Even if you were completely healed and you were actually a therapist who is able to separate your emotional baggage from his and be fully present with him —ready to listen and accept judgmental statements about yourself, allowing him to share openly without facing your objections or rejections—only then might it be plausible to assume a therapeutic role. Still, that is a tough thing to do and requires a unique set of skills.
Some people do possess the capability to provide this kind of support. I have managed to do this myself in my relationship. However, in the context of an emotionally abusive relationship, when one person tries to support the other, the situation can deteriorate swiftly, potentially exacerbating the issues because both individuals are grappling with their personal struggles.
It’s very challenging to be there for someone else when you are contending with your own issues.
This is not to say it’s impossible, but it is exceedingly difficult, especially within the confines of a romantic or close relationship, where personal issues become entangled.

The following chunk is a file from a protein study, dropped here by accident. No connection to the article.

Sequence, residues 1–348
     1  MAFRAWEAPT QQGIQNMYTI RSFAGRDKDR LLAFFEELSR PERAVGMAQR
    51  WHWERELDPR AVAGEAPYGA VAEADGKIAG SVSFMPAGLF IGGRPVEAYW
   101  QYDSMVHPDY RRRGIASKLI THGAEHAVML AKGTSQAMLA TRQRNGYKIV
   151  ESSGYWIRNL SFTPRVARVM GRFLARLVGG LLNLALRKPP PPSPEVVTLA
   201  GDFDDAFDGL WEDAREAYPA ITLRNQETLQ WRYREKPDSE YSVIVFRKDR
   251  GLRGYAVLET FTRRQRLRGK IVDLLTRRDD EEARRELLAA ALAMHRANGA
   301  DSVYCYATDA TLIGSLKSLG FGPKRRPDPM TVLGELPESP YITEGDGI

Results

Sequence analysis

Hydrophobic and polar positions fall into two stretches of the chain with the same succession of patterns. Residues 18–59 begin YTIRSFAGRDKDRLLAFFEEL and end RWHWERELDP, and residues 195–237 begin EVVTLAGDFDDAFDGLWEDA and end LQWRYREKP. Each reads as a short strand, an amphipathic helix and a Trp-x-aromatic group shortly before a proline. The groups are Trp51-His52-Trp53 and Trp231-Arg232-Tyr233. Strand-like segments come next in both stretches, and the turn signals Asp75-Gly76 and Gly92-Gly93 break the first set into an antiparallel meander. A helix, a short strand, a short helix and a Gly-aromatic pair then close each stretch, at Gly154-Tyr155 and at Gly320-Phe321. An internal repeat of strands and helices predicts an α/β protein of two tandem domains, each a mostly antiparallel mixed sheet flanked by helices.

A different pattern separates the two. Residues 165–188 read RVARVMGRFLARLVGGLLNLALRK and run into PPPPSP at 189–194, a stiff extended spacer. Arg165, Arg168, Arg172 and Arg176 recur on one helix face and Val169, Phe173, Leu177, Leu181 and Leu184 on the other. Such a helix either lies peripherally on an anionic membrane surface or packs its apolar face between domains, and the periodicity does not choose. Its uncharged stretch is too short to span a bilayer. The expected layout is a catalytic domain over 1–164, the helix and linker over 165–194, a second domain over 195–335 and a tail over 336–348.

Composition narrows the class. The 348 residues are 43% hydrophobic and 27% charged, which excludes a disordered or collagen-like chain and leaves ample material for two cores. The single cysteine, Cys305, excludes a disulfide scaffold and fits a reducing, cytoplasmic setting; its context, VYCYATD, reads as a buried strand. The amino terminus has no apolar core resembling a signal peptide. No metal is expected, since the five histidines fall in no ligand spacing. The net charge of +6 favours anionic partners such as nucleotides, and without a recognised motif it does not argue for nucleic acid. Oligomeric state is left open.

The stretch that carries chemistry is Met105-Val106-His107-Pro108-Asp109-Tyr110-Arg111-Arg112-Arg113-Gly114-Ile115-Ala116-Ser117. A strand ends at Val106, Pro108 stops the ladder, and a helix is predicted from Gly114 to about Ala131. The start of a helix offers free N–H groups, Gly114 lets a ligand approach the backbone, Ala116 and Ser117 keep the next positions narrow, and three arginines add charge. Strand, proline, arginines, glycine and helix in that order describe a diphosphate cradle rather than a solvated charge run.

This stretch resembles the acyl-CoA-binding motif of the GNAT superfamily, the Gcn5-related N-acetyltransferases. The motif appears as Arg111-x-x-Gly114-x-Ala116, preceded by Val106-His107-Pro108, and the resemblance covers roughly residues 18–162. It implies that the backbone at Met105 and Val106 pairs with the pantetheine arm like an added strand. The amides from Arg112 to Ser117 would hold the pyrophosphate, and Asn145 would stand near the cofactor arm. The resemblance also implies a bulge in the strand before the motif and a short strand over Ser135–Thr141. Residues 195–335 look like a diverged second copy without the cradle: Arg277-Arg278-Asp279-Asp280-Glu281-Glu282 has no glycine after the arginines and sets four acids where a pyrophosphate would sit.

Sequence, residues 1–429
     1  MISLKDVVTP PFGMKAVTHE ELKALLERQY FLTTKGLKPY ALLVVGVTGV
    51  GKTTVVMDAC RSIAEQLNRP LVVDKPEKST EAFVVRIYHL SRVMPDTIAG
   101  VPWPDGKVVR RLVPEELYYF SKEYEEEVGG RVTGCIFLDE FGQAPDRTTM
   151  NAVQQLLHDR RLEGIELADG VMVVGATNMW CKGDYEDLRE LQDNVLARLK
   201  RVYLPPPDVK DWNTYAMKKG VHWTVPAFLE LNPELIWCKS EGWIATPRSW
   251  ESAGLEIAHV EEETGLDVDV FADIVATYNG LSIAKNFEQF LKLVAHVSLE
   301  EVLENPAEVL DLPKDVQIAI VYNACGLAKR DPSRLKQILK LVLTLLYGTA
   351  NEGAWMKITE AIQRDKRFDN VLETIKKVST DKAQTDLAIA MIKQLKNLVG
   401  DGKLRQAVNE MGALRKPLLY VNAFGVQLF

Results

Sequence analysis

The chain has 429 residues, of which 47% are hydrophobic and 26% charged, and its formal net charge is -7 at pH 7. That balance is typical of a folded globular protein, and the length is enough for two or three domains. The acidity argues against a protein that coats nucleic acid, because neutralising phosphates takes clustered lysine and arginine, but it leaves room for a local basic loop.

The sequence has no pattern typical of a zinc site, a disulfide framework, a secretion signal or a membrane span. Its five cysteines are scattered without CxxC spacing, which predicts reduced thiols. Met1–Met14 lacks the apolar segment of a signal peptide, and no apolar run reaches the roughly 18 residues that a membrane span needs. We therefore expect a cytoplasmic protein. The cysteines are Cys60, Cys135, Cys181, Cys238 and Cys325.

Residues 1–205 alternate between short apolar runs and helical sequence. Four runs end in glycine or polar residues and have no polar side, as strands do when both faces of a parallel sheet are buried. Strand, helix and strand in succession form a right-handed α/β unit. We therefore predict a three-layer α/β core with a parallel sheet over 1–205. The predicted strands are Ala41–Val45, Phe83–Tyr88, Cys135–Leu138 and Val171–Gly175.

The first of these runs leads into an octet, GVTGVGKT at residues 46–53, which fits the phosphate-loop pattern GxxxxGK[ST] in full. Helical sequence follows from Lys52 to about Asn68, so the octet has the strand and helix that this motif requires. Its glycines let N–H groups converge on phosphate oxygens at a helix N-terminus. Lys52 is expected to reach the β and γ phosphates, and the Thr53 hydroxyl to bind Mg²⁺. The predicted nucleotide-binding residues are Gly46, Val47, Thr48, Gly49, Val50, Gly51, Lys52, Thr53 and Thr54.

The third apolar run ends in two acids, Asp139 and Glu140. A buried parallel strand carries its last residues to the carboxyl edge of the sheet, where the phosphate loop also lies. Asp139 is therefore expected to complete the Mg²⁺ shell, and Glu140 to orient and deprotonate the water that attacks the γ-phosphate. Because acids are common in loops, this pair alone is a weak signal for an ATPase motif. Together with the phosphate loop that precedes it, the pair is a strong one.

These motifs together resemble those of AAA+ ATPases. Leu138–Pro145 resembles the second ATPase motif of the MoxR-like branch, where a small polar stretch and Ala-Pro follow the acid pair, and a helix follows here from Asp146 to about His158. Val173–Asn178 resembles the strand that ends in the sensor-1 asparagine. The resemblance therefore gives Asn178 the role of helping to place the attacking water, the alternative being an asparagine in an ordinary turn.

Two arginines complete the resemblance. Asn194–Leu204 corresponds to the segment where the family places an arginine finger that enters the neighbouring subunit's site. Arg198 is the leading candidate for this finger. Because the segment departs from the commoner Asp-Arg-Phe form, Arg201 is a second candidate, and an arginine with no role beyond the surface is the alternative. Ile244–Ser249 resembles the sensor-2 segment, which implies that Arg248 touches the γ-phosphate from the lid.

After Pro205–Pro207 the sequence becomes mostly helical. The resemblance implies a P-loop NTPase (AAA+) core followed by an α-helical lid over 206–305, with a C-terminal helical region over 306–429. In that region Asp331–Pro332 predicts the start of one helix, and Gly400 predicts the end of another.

When you intertwine your challenges with the other person’s, the result can be a toxic mixture that may harm the relationship and even inflict lasting damage on both parties, as it’s impossible to be sufficient for yourself and another person simultaneously.
The individual who wrote is undoubtedly in a difficult position, as are many others. This article aims to convey the unvarnished truth. While that’s always my approach, it’s imperative to grasp what overcoming such challenges might entail.
If you lack the resources to make the necessary significant changes immediately and aspire to make such changes, planning may be required. You may need to take time to gather your resources and plan your next decision.
There are instances when you must come to terms with the fact that there’s nothing you can do about the situation, which is a form of acceptance. Upon reaching this realization, you may find that different decisions must be made for your well-being and for those you love.
I hope this has been helpful. Share this with others who might benefit.